Atherosclerotic buildup in the carotid arteries can be asymptomatic but places patients at elevated risk for cerebral infarction. Occlusions typically occur at the carotid bifurcation and may involve the proximal internal carotid vessel as well. Carotid stenosis typically occurs as part of generalized vascular disease in patients with coronary artery disease (CAD) and other comorbid conditions.
Surgical treatment of carotid endarterectomy for carotid stenosis >70% appears to offer advantages over medical therapy . Carotid endarterectomy is associated with a 30-day perioperative risk of stroke or death of 3.3% (95% confidence interval: 1.8–5.9%) for asymptomatic and 6.3% (95% confidence interval: 3.5–11.1%) for symptomatic stenosis . The mean mortality rates have been reported to be about 1% for elective and 3% for emergency carotid endarterectomy . Early stroke may occur in 0.9–7% of carotid endarterectomy patients attributed to embolization .
There is no clear consensus on the most appropriate anesthetic technique for carotid endarterectomy. In a British survey, the majority of surgeons (69%) used general anesthesia, but regional anesthesia, often combining deep and superficial cervical plexus blocks, is increasingly used . The goals of anesthesia for carotid endarterectomy are primarily to prevent the brain and heart from ischemic injury, maintain good hemodynamic stability, and allow for neurological assessment of the patient.
If general anesthesia is used, care must be taken to maintain adequate cerebral perfusion, and the patient must emerge rapidly and clearly enough to allow for an immediate postoperative neurological evaluation . General anesthesia offers some advantages: the patient can be immobilized, ventilatory control is relatively easy to maintain, and the brain can be protected in the case of ischemic assault. Maintenance anesthesia may use a volatile agent, such as sevoflurane, desflurane, or isoflurane. Ventilation may involve an endotracheal tube (ETT) or a laryngeal mask airway (LMA). Awake neurological evaluation is considered the gold standard, necessitating a smooth, immediate emergence. Monitoring the patient during anesthesia may rely on an electroencephalogram, the somatosensory-evoked potentials, a transcranial Doppler imaging, and an internal carotid artery stump pressure monitor.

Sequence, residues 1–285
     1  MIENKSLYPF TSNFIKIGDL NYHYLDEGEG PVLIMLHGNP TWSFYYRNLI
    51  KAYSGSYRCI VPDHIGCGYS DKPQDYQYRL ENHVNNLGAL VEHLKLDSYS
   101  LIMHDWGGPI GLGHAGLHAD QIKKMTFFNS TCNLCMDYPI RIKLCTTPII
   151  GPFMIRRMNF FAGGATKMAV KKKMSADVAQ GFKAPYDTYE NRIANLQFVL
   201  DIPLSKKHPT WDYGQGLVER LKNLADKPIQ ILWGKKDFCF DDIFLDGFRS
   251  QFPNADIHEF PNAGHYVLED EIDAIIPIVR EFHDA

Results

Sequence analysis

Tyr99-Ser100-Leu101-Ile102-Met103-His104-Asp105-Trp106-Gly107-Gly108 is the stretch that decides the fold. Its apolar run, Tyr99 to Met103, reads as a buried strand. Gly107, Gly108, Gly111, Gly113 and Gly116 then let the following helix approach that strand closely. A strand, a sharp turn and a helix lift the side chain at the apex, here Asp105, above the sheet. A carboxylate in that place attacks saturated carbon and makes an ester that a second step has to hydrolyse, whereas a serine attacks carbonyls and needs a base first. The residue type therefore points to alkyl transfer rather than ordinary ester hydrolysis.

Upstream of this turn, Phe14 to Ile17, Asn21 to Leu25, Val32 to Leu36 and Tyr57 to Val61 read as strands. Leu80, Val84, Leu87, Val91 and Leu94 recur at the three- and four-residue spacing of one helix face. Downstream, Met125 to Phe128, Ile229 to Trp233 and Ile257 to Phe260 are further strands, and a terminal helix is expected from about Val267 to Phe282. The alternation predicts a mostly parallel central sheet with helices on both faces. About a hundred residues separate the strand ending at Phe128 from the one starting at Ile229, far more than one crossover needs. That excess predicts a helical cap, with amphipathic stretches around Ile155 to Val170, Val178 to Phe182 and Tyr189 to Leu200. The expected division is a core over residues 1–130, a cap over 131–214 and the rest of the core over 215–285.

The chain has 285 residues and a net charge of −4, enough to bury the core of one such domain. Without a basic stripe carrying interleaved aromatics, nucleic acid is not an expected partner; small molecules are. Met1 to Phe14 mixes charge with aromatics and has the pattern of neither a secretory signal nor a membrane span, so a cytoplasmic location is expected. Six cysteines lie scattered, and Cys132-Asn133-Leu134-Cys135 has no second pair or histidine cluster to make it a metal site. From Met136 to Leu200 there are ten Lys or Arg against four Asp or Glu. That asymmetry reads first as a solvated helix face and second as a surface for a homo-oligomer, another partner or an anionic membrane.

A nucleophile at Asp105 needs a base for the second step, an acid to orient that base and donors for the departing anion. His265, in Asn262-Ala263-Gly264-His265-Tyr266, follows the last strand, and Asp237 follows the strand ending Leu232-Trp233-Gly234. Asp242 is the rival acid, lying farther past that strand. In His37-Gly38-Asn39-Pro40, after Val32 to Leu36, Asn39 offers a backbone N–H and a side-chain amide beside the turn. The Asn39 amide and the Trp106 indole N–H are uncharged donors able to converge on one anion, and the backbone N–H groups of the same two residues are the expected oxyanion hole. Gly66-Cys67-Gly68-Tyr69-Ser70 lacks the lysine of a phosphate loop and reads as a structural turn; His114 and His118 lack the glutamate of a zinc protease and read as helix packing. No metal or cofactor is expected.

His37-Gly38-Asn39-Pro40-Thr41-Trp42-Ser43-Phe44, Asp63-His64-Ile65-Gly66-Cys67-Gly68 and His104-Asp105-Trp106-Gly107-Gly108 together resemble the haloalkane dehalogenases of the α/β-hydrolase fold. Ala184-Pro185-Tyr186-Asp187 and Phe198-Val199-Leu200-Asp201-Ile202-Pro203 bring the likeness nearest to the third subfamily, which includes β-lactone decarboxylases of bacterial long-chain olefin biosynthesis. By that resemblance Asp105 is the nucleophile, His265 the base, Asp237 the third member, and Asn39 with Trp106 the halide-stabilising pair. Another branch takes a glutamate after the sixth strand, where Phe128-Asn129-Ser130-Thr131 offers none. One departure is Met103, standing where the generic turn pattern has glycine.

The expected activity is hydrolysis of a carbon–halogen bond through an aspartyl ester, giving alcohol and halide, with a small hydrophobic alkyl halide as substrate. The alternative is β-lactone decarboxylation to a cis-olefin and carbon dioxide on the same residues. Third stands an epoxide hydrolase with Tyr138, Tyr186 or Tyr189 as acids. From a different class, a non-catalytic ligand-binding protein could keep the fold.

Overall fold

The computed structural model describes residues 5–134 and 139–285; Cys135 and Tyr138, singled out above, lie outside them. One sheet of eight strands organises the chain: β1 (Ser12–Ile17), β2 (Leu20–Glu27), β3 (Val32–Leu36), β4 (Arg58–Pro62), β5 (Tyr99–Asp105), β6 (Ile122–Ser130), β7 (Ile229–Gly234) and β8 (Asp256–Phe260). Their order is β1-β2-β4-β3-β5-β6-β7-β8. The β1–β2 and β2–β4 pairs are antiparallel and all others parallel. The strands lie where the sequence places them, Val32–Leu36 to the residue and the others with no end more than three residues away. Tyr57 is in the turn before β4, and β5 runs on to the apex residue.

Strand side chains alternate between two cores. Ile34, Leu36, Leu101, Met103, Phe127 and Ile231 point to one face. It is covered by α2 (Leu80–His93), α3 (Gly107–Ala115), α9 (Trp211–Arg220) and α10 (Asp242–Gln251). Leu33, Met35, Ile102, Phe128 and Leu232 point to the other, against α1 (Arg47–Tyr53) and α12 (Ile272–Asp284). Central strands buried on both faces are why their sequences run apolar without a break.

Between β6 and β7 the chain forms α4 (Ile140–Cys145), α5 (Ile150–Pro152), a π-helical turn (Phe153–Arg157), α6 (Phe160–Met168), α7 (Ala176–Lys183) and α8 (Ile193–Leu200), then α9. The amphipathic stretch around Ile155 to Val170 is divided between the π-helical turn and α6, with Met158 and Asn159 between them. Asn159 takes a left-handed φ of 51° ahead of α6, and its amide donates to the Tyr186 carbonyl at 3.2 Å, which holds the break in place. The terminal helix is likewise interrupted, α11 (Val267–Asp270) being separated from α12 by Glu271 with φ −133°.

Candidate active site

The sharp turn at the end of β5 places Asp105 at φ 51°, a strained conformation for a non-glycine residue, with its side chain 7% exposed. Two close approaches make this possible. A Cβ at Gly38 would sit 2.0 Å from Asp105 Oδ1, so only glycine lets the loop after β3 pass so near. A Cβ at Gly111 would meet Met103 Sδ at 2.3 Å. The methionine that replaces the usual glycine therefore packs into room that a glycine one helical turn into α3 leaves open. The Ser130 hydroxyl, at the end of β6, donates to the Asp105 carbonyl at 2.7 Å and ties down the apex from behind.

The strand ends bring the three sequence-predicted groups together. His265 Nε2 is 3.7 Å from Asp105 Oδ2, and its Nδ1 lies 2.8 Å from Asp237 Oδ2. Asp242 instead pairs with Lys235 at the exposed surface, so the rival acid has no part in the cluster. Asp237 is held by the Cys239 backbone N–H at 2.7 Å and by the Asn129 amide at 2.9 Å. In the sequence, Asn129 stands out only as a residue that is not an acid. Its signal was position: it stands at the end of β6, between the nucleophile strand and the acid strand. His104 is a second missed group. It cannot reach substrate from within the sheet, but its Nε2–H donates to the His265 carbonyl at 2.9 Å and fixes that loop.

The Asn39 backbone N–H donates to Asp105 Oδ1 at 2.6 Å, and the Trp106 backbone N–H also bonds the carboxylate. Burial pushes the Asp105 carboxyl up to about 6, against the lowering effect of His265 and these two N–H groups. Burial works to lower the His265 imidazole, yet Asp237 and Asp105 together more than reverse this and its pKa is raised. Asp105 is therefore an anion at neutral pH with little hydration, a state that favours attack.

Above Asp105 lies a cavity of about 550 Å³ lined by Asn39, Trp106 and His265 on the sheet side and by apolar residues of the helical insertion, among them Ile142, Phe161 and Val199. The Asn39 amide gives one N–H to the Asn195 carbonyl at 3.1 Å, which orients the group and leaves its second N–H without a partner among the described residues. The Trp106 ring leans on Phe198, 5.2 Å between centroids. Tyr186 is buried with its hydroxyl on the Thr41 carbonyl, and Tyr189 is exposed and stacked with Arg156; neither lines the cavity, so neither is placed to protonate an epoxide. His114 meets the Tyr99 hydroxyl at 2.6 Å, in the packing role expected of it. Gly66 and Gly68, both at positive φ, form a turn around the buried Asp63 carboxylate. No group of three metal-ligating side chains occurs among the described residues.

On the other hand, regional anesthesia with deep and superficial cervical plexus blocks and local infiltration of an anesthetic may offer other advantages, including the ability to assess the awake patient perioperatively and equivalent or even superior hemodynamic stability . It has been argued that regional anesthesia holds the potential to shorten hospital stays and may reduce morbidity. However, regional anesthesia limits the use of pharmacological cerebroprotective agents and requires a cooperative patient. Should a transition to general anesthesia from regional anesthesia be required, there is suboptimal access to the patient's airway.
Hybrid techniques may combine general anesthesia with regional anesthesia to truncate operating times . We report a case of a unique surgical anesthesia technique used to treat a patient with carotid stenosis.
The patient was a 55-year-old Caucasian male with a history of significant CAD, dyspnea, hyperlipidemia, and carotid stenosis. The patient also had a history of coronary artery bypass graft procedure involving five vessels and about eight months earlier had undergone re-stenting of one vessel using five drug-eluting stents. The patient was taking low-dose aspirin 81 mg, Livalo 2 mg, Nitrostat sublingual 0.4 mg as needed, Plavix 75 mg, Toprol extended release 25 mg, and Tylenol extra strength 500 mg as needed. The patient was allergic to Crestor and has a family history of CAD and type II diabetes.